Below are some common scenarios that happen to athletes at times during competition, challenging their current mindset and preparation:
Imagine that you've just been competing to the best of you efforts on this particular evening, you came in prepared, put the time in, and suddenly an opponent gets in your face: taunting, cursing, or just "playing dirty". The officials don't notice this, and before you know it, your rhythm is disturbed. You feel the energy balance shifting away from the positive you came into play with, what do you do now?
You are on pace for a career or personal best performance. Suddenly, the official makes a call you consider unjust; even worse, it is directed towards you. A few minutes later, it happens again, perhaps this time you really did commit the violation. A sense of frustration begins to set in.
You are in the middle of a tough track workout and begin to feel fatigued. Your thoughts turn from focusing on reference points to the deep burn in your muscles, inherently increasing the workload further.
These are the cliche "make or break" moments we experience as athletes. Maintaining focus is paramount in gaining the edge over the competition, but what can be done when our focus is challenged or broken? How do we get back in rhythm?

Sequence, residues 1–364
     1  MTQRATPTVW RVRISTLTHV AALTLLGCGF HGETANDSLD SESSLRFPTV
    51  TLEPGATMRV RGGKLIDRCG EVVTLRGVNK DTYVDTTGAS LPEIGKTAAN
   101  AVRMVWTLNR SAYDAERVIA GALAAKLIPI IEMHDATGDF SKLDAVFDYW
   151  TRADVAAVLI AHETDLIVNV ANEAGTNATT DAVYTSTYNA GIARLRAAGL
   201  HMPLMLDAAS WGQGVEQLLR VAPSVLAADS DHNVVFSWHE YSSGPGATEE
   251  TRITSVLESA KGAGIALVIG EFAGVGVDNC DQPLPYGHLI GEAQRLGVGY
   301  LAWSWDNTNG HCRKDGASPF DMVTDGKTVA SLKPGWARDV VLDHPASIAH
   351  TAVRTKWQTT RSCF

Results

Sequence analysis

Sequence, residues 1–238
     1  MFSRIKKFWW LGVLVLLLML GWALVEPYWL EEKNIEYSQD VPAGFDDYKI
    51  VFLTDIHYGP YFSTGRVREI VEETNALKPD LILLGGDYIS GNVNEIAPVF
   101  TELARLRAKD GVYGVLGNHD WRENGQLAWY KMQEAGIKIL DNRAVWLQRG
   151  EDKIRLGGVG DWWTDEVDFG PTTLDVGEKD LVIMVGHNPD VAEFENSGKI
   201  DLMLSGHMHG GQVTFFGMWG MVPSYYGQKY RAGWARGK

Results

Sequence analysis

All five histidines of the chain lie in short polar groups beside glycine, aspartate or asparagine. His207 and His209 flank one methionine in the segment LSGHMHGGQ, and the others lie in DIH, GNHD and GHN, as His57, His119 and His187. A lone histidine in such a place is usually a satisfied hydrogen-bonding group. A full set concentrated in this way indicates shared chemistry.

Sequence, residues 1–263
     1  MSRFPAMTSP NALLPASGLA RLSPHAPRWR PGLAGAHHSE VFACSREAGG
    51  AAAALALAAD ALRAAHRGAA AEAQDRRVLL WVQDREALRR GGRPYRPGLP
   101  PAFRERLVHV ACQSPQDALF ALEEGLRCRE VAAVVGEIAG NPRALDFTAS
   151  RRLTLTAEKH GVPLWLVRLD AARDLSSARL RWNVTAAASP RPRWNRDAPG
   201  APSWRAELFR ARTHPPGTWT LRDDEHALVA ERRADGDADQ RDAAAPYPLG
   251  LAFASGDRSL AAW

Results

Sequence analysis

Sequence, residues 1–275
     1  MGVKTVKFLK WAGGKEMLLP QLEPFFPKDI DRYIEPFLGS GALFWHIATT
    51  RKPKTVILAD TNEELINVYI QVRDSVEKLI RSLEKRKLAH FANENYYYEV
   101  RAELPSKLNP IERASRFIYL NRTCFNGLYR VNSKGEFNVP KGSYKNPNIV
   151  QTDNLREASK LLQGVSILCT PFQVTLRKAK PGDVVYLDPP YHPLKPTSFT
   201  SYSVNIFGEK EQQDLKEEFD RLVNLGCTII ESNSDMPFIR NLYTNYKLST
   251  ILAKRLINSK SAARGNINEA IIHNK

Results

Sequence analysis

The strategies to be discussed are not one-size-fits-all. However, with practice, patience, and a little experimentation with what works for you, a powerful tool can be added to your game.
Strategies to try out include:
- Blinking your eyes rapidly ten times. This sends a "recalibration" signal of sorts to the brain.
- Shift focus to your breath, temporarily whether you're running, batting, or using any other movement or technique. This activates the parasympathetic nervous system, which plays a calming role in the body's physiological processes.
- Practice your mantra, as seen in previous posts, such as "power", "strength", or "focus".
- Reflect back on a successful experience, especially one from the same competition.
- this has been shown to reinforce self-confidence and get athletes back on track.
- Talk briefly or be near a teammate or coach who is a positive model.
- Choose a specific thing or individual and focus on that object, if it does not distract from aspects of the game (note: avoid the scoreboard or time clock).